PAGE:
Who Is Right About Ethics of Power Relationships, Hegel or Nietzsche?

Topics: Master-slave dialectic, Master-slave morality, Friedrich Nietzsche Pages: 4 (1609 words) Published: March 5, 2013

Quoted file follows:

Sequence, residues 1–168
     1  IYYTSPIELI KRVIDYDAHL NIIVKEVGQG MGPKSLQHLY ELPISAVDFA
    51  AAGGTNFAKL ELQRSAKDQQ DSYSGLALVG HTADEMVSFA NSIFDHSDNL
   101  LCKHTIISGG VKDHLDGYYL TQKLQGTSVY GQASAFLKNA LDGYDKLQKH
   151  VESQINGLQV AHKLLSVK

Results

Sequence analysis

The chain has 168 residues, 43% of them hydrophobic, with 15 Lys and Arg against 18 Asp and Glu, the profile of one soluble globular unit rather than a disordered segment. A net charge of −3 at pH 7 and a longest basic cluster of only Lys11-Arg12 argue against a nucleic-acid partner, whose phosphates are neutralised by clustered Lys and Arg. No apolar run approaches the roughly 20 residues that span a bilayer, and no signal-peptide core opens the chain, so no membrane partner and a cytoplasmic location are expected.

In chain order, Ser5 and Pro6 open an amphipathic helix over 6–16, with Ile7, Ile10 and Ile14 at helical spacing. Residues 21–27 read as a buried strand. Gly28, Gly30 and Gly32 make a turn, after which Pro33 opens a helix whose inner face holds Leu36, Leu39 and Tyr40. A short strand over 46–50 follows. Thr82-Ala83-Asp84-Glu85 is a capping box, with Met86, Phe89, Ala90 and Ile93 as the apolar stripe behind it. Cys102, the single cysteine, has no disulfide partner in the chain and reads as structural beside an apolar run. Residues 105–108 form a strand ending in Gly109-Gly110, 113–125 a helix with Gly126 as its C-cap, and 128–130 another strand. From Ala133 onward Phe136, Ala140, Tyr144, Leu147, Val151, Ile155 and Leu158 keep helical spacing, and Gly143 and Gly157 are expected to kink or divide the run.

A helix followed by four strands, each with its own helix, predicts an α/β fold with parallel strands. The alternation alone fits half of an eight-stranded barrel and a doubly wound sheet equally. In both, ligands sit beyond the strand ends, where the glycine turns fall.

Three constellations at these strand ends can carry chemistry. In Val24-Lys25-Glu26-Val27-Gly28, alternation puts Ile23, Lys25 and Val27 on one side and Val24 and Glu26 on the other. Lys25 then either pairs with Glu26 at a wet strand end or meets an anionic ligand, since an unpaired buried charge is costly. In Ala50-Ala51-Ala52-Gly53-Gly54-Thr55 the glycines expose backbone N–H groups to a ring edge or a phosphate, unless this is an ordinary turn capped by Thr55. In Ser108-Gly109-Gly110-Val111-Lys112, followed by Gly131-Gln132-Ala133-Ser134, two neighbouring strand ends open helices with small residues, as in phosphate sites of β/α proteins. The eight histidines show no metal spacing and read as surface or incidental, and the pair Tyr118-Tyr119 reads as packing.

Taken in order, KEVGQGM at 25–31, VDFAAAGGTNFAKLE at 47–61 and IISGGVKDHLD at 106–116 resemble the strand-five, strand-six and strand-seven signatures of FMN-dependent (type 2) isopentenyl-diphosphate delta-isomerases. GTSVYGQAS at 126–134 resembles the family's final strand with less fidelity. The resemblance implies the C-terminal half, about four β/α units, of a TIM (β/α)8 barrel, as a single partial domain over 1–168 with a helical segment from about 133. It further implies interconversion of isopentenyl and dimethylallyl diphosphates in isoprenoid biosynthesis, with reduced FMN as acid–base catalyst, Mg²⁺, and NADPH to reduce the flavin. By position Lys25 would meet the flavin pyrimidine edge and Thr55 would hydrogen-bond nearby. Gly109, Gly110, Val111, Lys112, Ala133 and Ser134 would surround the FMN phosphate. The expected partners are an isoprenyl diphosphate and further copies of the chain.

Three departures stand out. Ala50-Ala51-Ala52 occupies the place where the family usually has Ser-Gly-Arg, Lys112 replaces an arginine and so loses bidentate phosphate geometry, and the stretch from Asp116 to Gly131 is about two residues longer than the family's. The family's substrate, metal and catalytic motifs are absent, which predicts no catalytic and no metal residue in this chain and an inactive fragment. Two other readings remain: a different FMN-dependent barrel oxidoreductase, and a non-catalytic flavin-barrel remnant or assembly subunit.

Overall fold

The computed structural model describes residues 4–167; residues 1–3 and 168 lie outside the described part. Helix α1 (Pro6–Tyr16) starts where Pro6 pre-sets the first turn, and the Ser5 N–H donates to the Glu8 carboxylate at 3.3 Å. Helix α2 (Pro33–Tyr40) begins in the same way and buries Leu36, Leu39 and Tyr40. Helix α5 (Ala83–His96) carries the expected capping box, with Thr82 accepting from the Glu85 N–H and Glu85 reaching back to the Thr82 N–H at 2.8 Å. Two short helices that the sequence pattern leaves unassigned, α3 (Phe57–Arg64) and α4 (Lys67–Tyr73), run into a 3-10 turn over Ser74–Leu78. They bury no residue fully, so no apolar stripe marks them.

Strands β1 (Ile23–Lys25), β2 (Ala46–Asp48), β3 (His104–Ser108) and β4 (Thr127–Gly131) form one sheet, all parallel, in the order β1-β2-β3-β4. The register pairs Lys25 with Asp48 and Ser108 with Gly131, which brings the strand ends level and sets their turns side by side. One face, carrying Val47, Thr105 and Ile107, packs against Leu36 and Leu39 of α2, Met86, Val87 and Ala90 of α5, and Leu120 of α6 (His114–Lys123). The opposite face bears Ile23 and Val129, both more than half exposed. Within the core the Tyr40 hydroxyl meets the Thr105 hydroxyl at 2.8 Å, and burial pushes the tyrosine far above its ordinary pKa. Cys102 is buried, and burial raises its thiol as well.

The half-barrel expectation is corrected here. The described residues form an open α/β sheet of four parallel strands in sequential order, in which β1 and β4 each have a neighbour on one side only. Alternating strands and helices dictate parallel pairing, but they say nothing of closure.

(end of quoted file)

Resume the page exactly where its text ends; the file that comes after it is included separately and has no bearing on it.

Hegel and Nietzsche’s outlook on the master slave relationship is a bit similar but ultimately extremely different. Personally I don’t feel too strongly about either philosopher but if I had to choose I would agree with Hegel. The master slave relationship that Hegel describes is one where the master and slave are constantly competing against one another but eventually need each other in the end for both of them to survive. Nietzsche argues that the master slave morality is divided into two fundamental types of morality. The “Master Morality” weighs actions on a scale ranging from “good to bad consequences” while on a different spectrum the “Slave Morality” weighs actions on a scale from “good or evil intentions”. Nietzsche believes that his master-slave morality implements the basis of all critical explanation or interpretation of Western thought. According to Nietzsche’s master-slave morality, “Slave Morality” values kindness, humility, and sympathy. Unlike “Master Morality” that values pride, strength, and nobility. This is somewhat similar to Hegel’s interpretation of the Master-Slave relationship due to the way each of the philosophers portray the master and slaves way of thinking. On the other hand, Hegel does not support universal morality unlike Nietzsche. Nietzsche is more open to a different perspective on freedom of one’s self. Hegel believes the master and the slave each play a certain role within society and they will forever be stuck within that role. Nietzsche defines the master morality as a morality for those who are “strong willed”. The master morality’s scale ranging from good or bad states that good is everything that is helpful and bad is what is harmful. Nietzsche believes the only way to know “what is good” is the result of actions through its consequences. Nietzsche quotes "The value or non-value of an action was derived from its consequences" but ultimately, "There are no moral phenomena at all, only moral interpretations of...
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